Students in freshman chemistry have recently been using exam wrappers. While they sound like something to keep the sticky off your hands, exam wrappers are actually tools to help students learn from their mistakes. I've asked Dr. Carrie Shepler, director of freshman chemistry, to tell us a little more about them:
Exam wrappers are a tool geared toward helping students reflect on their approach to studying for an exam, how effective it was and what (if anything) needs to change for them to be more successful or maintain their success. Wrappers are administered via T-Square's "tests and quizzes" feature, and they are from "How Learning Works: 7 Research-Based Principles for Smart Teaching" by Ambrose, et al (2010). Students are asked to report how long they spent working practice problems, reading the text, reviewing lecture notes, making up their own problems and other similar tasks. There is also a focus on how long they spent studying on their own vs. with others. They also can report which topics on the exam with which they had the most trouble, and there are free response sections for students to list what they will do differently to prepare for the next exam as well as what we can do as instructors to help them improve.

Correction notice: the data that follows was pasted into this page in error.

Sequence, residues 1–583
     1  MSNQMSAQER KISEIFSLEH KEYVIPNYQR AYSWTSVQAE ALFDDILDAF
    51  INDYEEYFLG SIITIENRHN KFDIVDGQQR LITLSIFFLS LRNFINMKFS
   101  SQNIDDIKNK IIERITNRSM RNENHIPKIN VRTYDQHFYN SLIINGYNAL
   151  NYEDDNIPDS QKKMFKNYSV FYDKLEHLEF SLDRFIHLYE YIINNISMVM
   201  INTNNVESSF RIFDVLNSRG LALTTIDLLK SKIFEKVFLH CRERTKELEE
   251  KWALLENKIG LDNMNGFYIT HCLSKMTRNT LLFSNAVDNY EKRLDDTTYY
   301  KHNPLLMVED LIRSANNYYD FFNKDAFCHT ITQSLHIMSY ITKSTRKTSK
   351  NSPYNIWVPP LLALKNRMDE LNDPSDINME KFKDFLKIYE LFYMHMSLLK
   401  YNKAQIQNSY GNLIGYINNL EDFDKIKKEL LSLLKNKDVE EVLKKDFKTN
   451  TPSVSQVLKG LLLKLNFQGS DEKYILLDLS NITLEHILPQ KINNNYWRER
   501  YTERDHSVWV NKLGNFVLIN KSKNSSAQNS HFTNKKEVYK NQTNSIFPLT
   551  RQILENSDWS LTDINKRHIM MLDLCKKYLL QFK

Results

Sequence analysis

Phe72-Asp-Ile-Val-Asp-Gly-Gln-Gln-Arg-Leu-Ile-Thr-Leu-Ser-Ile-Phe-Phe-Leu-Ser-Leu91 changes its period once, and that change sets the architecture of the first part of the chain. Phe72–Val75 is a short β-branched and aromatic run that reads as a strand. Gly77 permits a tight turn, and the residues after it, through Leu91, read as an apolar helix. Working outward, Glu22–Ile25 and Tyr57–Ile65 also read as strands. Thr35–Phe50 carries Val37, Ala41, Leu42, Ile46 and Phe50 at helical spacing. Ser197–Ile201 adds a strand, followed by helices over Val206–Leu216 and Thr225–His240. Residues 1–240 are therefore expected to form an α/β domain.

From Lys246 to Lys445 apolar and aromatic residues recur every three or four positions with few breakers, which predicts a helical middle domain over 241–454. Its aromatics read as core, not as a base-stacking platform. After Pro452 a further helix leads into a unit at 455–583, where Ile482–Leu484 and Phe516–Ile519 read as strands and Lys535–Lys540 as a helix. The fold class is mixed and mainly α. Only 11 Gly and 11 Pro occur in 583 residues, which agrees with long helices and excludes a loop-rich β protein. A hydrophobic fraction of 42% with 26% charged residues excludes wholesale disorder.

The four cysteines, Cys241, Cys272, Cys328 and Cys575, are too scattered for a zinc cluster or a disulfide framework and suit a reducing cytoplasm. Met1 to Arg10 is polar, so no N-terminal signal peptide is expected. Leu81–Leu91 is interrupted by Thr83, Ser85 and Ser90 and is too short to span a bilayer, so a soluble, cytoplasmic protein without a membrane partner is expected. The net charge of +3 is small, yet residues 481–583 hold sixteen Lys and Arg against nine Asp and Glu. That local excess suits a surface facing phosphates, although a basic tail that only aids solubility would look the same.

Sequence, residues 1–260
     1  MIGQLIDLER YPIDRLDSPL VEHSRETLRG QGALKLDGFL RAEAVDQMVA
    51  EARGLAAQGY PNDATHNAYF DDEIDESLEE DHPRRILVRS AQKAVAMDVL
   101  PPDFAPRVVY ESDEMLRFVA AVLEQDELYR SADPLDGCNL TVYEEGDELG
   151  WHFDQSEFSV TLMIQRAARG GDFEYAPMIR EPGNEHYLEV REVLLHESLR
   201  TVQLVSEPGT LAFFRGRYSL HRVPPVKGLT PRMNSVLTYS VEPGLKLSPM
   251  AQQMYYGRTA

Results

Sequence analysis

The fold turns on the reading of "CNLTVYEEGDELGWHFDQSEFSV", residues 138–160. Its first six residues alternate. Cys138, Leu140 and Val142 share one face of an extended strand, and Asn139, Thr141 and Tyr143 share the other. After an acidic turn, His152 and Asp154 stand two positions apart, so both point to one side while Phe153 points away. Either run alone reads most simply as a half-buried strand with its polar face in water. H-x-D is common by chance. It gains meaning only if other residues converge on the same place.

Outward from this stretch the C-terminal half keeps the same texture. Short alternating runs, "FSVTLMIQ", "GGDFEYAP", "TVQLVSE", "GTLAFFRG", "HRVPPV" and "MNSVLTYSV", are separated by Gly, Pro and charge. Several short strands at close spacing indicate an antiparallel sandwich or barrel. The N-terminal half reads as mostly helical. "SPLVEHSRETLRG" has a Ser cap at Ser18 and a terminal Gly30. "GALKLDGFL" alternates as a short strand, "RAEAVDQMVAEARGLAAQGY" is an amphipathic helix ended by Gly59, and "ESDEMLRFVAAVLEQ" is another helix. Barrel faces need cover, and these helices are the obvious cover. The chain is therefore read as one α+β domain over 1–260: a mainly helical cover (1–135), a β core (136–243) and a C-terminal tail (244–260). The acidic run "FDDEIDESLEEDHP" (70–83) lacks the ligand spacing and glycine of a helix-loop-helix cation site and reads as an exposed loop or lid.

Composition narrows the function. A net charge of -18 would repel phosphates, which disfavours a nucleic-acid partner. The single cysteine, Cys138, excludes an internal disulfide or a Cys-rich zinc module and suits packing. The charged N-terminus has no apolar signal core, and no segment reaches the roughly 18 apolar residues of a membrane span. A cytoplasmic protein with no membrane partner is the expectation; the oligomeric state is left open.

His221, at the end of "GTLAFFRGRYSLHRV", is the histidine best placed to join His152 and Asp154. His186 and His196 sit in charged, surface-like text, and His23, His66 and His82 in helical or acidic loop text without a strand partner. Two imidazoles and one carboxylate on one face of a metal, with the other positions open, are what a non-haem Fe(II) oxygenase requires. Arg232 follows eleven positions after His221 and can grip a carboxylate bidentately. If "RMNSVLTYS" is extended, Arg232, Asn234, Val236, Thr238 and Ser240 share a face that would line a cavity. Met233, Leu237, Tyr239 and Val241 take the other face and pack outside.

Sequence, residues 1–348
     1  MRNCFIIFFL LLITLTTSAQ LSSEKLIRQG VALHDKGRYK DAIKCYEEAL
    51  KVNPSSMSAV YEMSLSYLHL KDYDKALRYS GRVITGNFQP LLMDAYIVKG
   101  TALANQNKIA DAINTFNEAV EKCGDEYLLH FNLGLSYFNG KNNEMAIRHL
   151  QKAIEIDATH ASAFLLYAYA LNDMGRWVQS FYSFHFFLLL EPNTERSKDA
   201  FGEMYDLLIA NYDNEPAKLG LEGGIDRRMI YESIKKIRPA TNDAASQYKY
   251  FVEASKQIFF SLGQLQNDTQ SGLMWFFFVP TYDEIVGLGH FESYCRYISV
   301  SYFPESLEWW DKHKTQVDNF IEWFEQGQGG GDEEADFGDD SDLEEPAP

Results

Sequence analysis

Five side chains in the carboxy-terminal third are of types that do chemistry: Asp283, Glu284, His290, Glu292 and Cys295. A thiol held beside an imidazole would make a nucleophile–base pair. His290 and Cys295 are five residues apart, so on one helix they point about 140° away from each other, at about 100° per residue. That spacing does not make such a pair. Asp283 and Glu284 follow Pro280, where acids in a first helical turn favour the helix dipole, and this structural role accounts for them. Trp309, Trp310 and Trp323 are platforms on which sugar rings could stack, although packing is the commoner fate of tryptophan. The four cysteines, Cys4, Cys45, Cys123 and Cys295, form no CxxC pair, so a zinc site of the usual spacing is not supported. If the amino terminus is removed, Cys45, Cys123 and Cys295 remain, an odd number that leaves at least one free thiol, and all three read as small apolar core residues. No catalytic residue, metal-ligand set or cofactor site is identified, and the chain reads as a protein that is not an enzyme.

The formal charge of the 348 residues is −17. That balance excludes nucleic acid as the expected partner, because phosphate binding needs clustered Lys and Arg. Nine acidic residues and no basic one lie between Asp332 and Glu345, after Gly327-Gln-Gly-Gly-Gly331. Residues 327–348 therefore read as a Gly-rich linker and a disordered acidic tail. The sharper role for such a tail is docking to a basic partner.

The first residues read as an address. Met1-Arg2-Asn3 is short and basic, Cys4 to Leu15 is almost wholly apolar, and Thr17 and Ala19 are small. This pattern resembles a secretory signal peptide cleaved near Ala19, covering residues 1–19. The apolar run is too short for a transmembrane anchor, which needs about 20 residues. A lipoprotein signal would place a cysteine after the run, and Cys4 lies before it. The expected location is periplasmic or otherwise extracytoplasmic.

2) Why do you use them and how long have you been using them?
Cianan Russell piloted the use of exam wrappers in CHEM 1211K in the spring semester of 2011 as part of a project with Eric Moschella, formerly of the Center for Academic Success (Cianan continues to be the driving force for the project). We thought the exercise was very beneficial, and we began using them in CHEM 1211K and 1212K last academic year. We now use them in all three of the freshman program classes. We believe that exam wrappers help students develop metacognitive skills, and they open a good dialogue between instructors and students regarding the roles both parties play in student success.
3) Have you noticed that using exam wrappers makes a difference in student learning in your classes?
I am not sure that the exam wrappers make a difference in learning so much as they make a difference in ownership of performance. However, helping students develop strong study skills that can be applied throughout their careers is a primary goal of the freshman chemistry program, and we do think it gets them started in that direction.